Putting the Kitchen Police Behind Bars; Why nagging in the kitchen could really mess things up

We remember it as children and now we do it to our own kids.

“You have to clean your plate”

“Eat your broccoli, otherwise NO dessert!”

“No more junk food!”

Parents are policing the kitchen, and it isn’t for better or worse. The only thing this could be a recipe for is disaster!

The second one is told not to do something, the desire to do just that thing ignites. Rebellion, in any form, could really hurt someone and the effects are showing up in people’s health. Studies have shown that teens who were told to stay away from junk food developed such an allure for it that this warning really backfired. It doesn’t always turn out this way, but scientists believe the more policing around the issue, the more likely it is to back fire. We suggest steering your kids away from processed and over sugary foods, but not hounding them about it. Parents need to provide the tools and knowledge to their children and let them practice the skill set of being healthy and not scrutinize or micromanage them in the kitchen.

Another kitchen crisis that could be affecting people and their appetites is the pressure of ‘clearing their plate.’ Being told to lick the dinner plate clean may have ensured that veggies were eaten, but it also said ‘ignore signals from your stomach and keep eating!’ It is important to eat slowly and stop eating when one is full, but it is no surprise that that signal got screwed up when the end of dinner meant a clean plate, rather than a full stomach.  Listen to what your body is telling you, and also keep that in mind if you are cooking for others. The best lesson you could instill would be to stop eating when you are full, not just when your plates been emptied. If you are concerned about someone eating the healthy parts of their meal, start serving smaller portions of each. If your child is still hungry, they can enjoy another small serving of whatever’s for dinner, but they will learn to eat whats on the plate but to also stop when they are full.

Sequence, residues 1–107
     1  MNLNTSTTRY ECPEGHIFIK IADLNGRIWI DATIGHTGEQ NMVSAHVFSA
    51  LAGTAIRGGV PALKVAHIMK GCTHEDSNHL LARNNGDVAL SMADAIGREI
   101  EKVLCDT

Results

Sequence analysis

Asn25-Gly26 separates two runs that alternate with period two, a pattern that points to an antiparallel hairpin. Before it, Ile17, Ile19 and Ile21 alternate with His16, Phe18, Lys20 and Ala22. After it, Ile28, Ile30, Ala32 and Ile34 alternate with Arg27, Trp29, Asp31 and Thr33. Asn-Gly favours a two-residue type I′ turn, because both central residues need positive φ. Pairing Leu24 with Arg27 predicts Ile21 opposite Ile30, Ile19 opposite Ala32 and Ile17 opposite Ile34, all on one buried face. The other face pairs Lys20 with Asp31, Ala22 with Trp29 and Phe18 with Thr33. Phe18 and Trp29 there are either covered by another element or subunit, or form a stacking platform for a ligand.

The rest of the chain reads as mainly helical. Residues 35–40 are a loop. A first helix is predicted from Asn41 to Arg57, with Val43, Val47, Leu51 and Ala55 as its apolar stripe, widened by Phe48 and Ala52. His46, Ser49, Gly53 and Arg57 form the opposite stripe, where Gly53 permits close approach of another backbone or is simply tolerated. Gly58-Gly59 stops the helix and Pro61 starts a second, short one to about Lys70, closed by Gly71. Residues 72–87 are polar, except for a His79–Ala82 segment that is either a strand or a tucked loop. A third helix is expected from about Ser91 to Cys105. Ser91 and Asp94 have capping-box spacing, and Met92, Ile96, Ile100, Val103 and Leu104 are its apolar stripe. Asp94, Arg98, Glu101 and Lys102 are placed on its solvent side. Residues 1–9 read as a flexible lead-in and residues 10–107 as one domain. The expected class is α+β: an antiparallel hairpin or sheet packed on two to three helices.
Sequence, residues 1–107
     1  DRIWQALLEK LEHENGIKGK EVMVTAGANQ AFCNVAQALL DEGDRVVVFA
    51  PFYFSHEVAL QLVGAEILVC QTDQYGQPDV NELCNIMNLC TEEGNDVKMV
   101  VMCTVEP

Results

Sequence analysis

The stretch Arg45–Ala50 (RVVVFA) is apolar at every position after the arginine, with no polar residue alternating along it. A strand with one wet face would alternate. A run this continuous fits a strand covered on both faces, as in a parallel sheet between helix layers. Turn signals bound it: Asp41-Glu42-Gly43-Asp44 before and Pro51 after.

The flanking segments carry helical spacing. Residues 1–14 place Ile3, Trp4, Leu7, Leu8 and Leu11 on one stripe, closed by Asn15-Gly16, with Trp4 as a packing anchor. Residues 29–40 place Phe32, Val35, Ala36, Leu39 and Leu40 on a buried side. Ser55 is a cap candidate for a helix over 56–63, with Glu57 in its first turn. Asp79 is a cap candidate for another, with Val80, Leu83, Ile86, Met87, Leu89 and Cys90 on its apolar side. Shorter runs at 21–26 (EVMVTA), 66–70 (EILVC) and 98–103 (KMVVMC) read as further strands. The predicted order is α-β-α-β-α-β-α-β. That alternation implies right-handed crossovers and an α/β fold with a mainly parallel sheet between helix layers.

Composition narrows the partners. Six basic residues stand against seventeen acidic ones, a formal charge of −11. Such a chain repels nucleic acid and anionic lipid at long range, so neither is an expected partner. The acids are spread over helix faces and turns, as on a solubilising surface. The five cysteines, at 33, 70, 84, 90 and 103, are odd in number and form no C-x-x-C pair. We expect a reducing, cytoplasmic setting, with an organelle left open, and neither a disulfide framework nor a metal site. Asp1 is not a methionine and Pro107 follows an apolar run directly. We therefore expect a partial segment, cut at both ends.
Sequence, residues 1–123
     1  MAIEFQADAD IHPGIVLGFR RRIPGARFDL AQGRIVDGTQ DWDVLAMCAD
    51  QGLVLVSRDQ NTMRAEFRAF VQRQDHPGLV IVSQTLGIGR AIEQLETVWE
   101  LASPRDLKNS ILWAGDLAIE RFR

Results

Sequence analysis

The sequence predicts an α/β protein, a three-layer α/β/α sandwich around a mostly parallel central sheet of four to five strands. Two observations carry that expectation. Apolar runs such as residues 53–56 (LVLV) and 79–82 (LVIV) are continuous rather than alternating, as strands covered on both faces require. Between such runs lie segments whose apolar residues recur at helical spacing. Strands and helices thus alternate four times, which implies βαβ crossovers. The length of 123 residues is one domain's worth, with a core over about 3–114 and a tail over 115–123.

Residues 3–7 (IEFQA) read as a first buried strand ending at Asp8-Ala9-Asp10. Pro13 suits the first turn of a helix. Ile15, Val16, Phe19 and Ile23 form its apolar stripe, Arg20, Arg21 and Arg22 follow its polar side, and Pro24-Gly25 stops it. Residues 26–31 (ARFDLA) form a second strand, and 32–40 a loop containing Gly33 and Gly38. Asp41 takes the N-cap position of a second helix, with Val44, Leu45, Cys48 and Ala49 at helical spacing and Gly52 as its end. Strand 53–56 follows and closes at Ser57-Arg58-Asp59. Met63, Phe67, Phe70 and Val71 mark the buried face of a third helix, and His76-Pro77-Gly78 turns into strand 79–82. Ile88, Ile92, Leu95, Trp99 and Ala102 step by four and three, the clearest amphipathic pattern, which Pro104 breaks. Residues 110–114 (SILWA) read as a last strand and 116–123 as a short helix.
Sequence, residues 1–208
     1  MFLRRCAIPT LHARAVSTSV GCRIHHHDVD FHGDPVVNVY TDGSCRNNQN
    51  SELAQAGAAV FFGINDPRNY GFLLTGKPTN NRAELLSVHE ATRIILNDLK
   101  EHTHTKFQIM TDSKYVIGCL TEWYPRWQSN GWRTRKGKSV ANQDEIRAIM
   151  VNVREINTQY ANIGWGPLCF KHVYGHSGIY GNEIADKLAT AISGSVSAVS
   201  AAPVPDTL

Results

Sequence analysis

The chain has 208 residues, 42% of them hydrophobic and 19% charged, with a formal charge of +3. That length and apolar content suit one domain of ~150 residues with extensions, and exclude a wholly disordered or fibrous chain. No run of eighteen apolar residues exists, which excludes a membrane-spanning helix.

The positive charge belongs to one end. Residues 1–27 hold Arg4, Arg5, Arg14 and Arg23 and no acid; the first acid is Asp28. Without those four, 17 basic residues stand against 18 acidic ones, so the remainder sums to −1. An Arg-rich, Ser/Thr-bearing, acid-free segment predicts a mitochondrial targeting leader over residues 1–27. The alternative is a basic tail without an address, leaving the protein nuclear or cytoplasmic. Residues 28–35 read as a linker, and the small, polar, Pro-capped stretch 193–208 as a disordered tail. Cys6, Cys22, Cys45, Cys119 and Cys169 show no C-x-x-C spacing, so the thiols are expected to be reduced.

If you are cooking for picky eaters, get everyone involved in creating the dinner menus. Get creative with recipes and allow others to chose which healthy foods they’d like to have for dinner.

Getting everyone to eat well and eat what is for dinner is easier said than done, we know. But too much pressure and policing could take a turn for the worst and set the stage for health issues in the future.




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